“How can our heterosexual colleagues contribute to LGBTQ+ inclusion if they have never walked in our shoes?”

Imagine for a second being transported back to the 1970s. Non-heterosexual relationships are considered deviant and an identity that strays from the status quo could get you fired or worse. Society wanted to “cure” what is simply who you are – who you were born to be. While things have improved for LGBTQ+ people since then, many elements of past persecutions are still felt today. But there are ways we can make the workplace a safer place for all.

In the first Qzine issue, The Adecco Group delves into the various ways allies can show up for their LGBTQ+ colleagues. Acting as a guide for allies, this issue can help people understand their place in society and help them better contribute to inclusive workspaces.

What is an ally?

We start with the basics. Simply put, an ally is a straight/cisgender advocate for LGBTQ+ workplace inclusion – a supporter, a friend, a person who wants to see change and is prepared to help bring it about. Allies can be educators and agents for change by normalizing the language used in the workplace when referring to LGBTQ+ people as well as their preferred pronouns. Allies can call out anti-queer behaviour and help to speak out against lingering stereotypes. An ally can be a voice, a safe space and an empathetic ear.

Read the room

As a society, we have undoubtedly come a long way but many LGBTQ+ people remain guarded - for good reason. One in ten LGBTQ+ workers experienced discrimination at work in the last year, according to new research. The same study reports that many LGBTQ+ employees still engage in “covering” behaviours to avoid harassment or discrimination at work, and 50% of LGBTQ+ people are not out to their current supervisor. Very few people have the courage or luxury to walk into a new job 'gay'.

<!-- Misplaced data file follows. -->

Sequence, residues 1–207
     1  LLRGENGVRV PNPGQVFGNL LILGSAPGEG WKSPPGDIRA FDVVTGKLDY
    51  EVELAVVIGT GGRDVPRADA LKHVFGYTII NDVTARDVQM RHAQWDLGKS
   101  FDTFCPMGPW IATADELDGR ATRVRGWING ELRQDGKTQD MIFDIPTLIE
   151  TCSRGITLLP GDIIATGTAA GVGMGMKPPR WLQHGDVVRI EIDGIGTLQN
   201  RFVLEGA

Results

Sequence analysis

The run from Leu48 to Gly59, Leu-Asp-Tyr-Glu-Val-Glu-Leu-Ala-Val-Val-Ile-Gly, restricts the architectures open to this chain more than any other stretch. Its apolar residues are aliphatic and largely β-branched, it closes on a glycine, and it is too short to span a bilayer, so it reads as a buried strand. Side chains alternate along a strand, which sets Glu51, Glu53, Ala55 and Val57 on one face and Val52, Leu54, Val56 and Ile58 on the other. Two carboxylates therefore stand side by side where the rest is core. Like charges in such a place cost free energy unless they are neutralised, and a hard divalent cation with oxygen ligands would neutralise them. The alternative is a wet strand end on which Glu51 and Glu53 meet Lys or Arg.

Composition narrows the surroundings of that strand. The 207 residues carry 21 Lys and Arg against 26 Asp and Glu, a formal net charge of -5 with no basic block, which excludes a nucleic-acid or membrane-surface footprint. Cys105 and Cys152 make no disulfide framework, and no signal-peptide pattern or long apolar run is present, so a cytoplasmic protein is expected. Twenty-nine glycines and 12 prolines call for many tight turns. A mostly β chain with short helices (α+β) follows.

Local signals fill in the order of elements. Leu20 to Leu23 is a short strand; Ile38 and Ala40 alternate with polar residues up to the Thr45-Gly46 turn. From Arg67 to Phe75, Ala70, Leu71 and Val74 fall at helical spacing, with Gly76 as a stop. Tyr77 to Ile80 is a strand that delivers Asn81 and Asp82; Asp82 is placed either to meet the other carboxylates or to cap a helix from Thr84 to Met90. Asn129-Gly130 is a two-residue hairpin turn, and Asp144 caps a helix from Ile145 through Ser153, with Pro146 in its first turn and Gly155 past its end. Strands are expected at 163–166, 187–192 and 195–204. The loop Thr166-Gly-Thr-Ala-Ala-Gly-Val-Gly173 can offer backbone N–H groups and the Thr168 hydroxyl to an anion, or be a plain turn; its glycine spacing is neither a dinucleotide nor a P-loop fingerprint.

They’re doing the work of living in secret and living in fear. So they should not also have to do the work of creating safe spaces. That’s where allies come in, but it’s not always as simple as establishing a diversity and inclusivity committee.

Understanding privilege

Cisgender employees tend to have their sexuality comfortably on display. From chats about their spouse to photographs of their children, it’s comfortable to be open. How can we create that same freedom for our LGBTQ+ colleagues?

Sexual orientation is often a sensitive topic in the workplace but is not something unique to those who identify as lesbian, gay or bisexual. We all have a sexual orientation, but only some of us can show up as we truly are. This is what some academics refer to this as heterosexual privilege.

Understanding that heterosexual employees begin their employment journey in this way can help you identify whether or not your LGBTQ+ colleagues have the same freedom. For instance, how comfortable would it be for a gay colleague to talk about their partner? If the answer is that they’d be uncomfortable, it could be an opportunity to support them as an ally with micro-affirmations – dialogue that affirms their way of life is understood and respected.

Help me help you

There are real benefits to being an ally. It opens the door to new connections, new ways of living, and new ways of thinking particularly about creative work. It’s also a way to show support for the people in your life – the friends and loved ones who might not be in a position to speak for themselves yet. Every ally has to find the right way for their community and for themselves. There are various levels of engagement for allies:

The guide unpacks questions like this and much more with the aim to help create champions of diversity and inclusion. The Adecco Group believes in talent, not in labels. LGBTQ+ allies in the workplace can further assist in providing an inclusive work environment, and help create an atmosphere where employees are not just valued, but empowered to think freely and to be themselves.

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